This is the project I have been dreading! For a year now, I've been putting this off simply because I HATE stripping paint. Some bloggers talk about stripping paint like it's the best thing in the world. No, not a bit. I've done it a few times and each time I tell myself, "I'm never going to do this again."
But here's my problem. I have a solid wood table that I actually like. I painted it about a year ago and did it ALL wrong!
About a month after I first finished my table, I realized my major mistake. I used the wrong kind of paint. ARRHGG!
So, finally, I'm fixing my awful, annoying mistake! Here's what the table originally looked like.
But for the last year (and a half?) it was looking bad. Really bad. In fact, I kept a table cloth on it all the time because it looked so bad.
Here's what I'm talking about, and the paint brush strokes didn't help either.
So I finally decided to get this project done before the snow comes. I've procrastinated long enough. It's time. Plunge!
This is what I used.
I've used a few different strippers and Citristrip I think works great. My problem is that I never put enough of the gel on the table. The picture below is an example of NOT ENOUGH stripping gel.
The paint should wrinkle all over, not just a little bit like below.
So, after my first failed attempt and hours of scraping, I had to reapply the gel LIBERALLY.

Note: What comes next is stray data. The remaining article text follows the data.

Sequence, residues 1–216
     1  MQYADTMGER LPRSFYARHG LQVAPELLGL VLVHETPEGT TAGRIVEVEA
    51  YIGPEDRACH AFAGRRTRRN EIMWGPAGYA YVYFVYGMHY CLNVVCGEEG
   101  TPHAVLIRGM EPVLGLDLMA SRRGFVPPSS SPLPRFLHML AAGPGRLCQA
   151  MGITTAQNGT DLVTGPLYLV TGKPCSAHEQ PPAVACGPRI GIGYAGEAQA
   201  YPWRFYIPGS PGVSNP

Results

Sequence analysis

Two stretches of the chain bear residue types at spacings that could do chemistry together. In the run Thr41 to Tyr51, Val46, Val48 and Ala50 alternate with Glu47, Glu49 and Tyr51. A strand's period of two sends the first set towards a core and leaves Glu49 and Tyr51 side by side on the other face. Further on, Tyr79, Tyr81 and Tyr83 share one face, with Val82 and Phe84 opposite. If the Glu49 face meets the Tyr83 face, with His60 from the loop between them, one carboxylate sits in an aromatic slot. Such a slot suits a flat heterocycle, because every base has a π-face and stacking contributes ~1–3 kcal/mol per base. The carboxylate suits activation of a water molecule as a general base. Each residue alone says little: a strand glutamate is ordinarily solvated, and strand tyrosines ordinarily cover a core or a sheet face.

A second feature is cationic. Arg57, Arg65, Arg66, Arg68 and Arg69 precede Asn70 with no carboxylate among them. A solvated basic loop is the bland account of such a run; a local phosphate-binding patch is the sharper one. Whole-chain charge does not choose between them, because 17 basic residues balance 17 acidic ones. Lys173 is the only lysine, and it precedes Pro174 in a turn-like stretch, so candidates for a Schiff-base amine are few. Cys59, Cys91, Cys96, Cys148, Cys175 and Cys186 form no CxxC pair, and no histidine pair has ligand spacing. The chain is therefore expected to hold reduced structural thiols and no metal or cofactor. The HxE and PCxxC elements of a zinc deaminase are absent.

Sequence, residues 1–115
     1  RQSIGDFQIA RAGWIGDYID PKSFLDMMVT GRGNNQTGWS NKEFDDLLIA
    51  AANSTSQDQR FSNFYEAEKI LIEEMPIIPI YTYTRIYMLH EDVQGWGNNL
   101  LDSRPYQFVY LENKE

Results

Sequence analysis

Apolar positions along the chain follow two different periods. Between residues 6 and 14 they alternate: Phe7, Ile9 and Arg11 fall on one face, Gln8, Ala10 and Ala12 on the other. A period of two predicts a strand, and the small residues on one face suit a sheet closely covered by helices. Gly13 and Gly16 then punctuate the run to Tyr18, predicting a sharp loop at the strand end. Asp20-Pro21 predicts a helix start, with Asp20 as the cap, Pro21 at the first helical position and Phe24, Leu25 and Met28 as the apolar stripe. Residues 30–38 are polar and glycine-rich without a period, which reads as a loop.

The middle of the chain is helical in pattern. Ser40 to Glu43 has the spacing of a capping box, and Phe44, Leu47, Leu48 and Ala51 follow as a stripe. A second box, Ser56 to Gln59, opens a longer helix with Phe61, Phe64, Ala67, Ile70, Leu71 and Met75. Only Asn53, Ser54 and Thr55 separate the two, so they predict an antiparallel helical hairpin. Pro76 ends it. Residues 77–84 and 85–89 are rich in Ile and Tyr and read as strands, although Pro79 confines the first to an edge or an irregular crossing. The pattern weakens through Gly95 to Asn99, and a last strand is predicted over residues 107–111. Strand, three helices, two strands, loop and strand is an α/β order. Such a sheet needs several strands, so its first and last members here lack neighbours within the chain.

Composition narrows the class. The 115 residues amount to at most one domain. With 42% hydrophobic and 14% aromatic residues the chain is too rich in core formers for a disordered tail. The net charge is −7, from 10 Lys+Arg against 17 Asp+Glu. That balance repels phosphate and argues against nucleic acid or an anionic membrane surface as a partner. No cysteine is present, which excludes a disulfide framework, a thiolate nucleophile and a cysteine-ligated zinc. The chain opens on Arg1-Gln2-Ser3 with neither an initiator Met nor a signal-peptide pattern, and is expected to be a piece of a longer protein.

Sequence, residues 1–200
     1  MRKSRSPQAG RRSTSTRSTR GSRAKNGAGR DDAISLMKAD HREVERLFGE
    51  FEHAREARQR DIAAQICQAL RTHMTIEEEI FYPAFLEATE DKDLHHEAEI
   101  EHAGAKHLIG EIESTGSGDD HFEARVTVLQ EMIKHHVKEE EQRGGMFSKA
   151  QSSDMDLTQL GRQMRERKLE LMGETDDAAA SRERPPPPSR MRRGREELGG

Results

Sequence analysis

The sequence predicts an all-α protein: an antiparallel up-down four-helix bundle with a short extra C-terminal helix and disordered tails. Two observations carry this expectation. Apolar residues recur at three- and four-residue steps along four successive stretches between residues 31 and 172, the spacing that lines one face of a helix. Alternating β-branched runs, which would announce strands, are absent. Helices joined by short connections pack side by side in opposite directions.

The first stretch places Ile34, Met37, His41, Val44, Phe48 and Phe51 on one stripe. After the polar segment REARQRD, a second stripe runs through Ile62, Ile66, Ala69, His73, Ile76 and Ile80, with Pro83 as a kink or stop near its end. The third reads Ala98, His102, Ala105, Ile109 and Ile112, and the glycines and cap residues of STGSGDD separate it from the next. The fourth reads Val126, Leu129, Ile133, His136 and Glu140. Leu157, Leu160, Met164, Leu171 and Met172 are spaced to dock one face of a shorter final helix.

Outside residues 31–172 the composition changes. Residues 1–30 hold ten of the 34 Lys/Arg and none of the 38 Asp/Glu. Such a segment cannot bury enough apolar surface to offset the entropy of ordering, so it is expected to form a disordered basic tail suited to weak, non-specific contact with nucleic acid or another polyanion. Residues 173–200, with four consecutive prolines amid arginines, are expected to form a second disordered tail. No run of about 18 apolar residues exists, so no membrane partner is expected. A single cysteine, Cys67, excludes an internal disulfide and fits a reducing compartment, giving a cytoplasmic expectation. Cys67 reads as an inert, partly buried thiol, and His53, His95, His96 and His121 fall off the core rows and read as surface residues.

After two days of scraping and sanding paint, this is what the table looked like. I actually found my paint scraper tool in my purse this last weekend. Have no idea how it ended up there, but I was dreaming paint removal night after night.
I used steel wool to get in the grooves of the legs and 100 grit sand paper on the surface. This is the part I don't like. It takes days, and, yes, I thought about just buying a new one.
But once I got to this point, I knew I was close to the end.
I'm going back to a white color for this table so I'm starting the project with a good stain blocking primer. The spray primer is for the legs of the table. I brushed on primer for the rest.
I don't worry about what the primer looks like. It's splotchy and ugly, but that's the nature of primer. Here's what the table looked like after the first coat.
Then I took 220 grit sand paper and sanded the table, trying to get raised brush strokes to sand down.
Finally, the second coat was applied.
And I spray primered the legs. She's coming along, but the weather suddenly changed on me, and I had to stop. I checked that weather report twice, too!
I'll finish my next step this weekend. This is where I really messed up last time! It will take a few days to cure and protect, but she'll be ready for a family meal soon!